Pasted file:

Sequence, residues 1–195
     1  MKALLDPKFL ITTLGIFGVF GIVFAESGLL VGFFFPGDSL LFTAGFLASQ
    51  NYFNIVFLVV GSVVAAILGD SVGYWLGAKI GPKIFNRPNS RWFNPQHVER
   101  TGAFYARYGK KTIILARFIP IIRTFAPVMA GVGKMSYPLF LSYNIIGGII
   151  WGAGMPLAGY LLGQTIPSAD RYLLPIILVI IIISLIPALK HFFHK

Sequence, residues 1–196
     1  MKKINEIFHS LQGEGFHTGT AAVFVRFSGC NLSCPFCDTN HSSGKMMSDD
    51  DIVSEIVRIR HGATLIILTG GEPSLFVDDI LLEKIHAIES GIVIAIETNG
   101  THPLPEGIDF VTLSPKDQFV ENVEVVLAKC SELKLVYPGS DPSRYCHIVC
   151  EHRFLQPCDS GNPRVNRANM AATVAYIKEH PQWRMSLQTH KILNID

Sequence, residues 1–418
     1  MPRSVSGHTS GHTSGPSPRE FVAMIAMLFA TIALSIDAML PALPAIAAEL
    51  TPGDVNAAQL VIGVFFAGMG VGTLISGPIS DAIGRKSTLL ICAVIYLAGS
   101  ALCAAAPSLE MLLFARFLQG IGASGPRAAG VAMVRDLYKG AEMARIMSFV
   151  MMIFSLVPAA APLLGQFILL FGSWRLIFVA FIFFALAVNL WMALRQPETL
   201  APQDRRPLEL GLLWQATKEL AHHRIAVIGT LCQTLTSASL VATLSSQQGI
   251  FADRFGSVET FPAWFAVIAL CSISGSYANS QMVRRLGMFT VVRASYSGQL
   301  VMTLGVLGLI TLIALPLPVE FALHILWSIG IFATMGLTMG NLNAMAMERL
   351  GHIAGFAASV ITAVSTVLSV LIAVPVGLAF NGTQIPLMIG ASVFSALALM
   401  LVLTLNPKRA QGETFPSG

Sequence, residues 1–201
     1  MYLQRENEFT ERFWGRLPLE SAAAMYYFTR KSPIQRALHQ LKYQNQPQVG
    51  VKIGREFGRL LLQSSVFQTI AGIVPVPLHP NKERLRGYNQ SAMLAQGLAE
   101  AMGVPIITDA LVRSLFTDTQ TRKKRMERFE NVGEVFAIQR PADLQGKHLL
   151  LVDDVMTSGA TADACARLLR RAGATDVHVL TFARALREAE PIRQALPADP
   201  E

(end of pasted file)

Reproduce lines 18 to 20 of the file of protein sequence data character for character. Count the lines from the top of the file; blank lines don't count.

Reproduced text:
   301  VMTLGVLGLI TLIALPLPVE FALHILWSIG IFATMGLTMG NLNAMAMERL
   351  GHIAGFAASV ITAVSTVLSV LIAVPVGLAF NGTQIPLMIG ASVFSALALM
   401  LVLTLNPKRA QGETFPSG